Wintry storm drops 4.3 billion gallons into Lake Tahoe over 24 hours

Wintry storm drops 4.3 billion gallons into Lake Tahoe over 24 hours
Wintry storms battering the West Coast poured 4.3 billion gallons of water and snow into Lake Tahoe in just 24 hours. More storms are expected in the drought-stricken region, but seven or eight more storms are needed to get the lake back to its rim.

“This is the kind of storm we’ve been missing for the last four years of drought,” Douglas Carlson, spokesman with the California Department of Water Resources, told The Associated Press. “This is the kind of storm we would need a lot of to start digging our way out of the drought.”

Lake Tahoe is situated in the Sierra Nevada mountain range and straddles the borders of Nevada and California. It is the largest alpine lake in North America and is fed by 63 tributaries. It’s a major tourist attraction, home to ski resorts and summer outdoor recreation.

The storm hit the Lake Tahoe region Monday, dumping water and snow into the lake and raising it almost two inches, according to Tim Bardsley, a National Weather Service hydrologist in Reno. Almost 80 percent of the rise was due to rain and snow falling on the lake itself rather than on feeder streams.

“We would need seven or eight more (storms) of that magnitude to get back to the rim,” Bardsley told USA Today. He said fewer might be needed if there is a lot of snowmelt.

“[We] need six more feet for a full lake – that would take an enormous amount of snow and rain.”

Sierra Nevada didn’t receive its projected three feet of snow – it got a foot or two instead – but the white stuff was a delight to ski resort property managers, skiers, snowboarders and sledders.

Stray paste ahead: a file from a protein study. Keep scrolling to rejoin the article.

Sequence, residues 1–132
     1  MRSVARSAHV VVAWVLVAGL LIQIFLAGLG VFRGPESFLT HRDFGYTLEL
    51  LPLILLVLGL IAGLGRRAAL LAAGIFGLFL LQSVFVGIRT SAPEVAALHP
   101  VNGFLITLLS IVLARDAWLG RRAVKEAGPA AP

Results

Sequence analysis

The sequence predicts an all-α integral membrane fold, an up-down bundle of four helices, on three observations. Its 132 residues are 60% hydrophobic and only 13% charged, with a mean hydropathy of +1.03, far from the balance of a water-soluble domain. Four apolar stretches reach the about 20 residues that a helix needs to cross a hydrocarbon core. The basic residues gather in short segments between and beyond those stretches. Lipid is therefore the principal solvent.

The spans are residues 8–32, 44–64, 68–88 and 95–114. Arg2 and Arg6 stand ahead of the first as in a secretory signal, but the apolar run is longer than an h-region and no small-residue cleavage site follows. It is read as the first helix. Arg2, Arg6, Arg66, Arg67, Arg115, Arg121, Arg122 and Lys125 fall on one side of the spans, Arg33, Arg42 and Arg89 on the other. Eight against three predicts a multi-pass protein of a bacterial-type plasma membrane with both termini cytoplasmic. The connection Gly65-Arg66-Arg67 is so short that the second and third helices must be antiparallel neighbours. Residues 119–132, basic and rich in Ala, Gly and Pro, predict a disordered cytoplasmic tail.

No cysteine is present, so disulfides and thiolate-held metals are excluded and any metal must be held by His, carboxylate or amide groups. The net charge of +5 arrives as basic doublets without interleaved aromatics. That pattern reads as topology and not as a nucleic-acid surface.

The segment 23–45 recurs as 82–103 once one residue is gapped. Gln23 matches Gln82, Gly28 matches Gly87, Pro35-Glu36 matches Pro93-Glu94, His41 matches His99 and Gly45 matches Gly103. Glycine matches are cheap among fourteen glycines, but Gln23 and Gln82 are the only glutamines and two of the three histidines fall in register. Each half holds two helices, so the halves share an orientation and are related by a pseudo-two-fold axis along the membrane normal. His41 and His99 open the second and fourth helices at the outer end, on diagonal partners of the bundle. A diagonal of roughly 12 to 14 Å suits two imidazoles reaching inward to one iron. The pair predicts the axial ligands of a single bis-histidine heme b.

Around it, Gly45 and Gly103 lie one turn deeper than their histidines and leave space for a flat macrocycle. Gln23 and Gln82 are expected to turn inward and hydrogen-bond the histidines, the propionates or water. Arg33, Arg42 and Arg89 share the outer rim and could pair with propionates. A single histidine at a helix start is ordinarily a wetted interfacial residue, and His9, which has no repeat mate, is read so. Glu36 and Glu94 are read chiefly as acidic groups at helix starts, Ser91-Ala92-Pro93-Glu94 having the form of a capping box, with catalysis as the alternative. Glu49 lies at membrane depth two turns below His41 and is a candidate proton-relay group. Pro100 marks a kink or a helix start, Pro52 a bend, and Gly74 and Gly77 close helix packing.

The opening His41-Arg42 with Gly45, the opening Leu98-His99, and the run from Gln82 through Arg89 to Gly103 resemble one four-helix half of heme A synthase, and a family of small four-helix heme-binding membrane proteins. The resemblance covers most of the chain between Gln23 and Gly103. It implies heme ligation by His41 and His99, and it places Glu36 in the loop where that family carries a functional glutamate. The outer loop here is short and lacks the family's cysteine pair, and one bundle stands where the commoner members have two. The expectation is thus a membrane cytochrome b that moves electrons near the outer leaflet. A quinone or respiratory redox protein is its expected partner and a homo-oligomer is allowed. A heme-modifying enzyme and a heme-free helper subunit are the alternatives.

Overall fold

“It is full-on winter out here,” Jerry Bindel, general manager of Aston Lakeland Village vacation condominiums in South Lake Tahoe, told AP. “This is great news all the way around.”

Californians had been told to prepare for an El Nino of ‘Godzilla’ proportions, with the weather pattern predicted to bringing harsh storms. With the area being so arid, concerns were that it will be difficult for water to precipitate into the ground, leading to floods and mudslides.

The El Nino weather pattern is partly linked with the warming of surface waters in the Pacific Ocean near the equator, which drives warm air west to east and keeps colder air from the Arctic at bay. That weather effect has made the Northeast unseasonably warm, brought the risk of tornadoes to the South, and delivered much snow across the West.

The National Weather Service has also issued a high-surf advisory for many coastal areas, with peak waves around 30 feet in locations like Santa Cruz, California.

Another storm is expected over the weekend which could bring another 2 feet of snow to parts of the Sierra Nevada. Snow, not rain, will determine when the drought will end. In a normal year, melting snow from the Sierra replenishes the reservoirs in summer and provides California with water that can’t be stored safely behind dams during winter.

A true picture of the snowpack’s size won’t emerge until early April, when it traditionally is at its peak.

“The fact is, it’s going to take the entire winter season to know if we’ve achieved enough precipitation to make a meaningful dent in the drought,” said Doug Carlson, a spokesman for the Department of Water Resources told the Sacramento Bee. “We would really like to see what the snowpack is like April 1st.”

Last April was when California Governor Jerry Brown famously stood in a dry Sierra meadow and ordered the first mandatory urban water cutbacks in California’s history.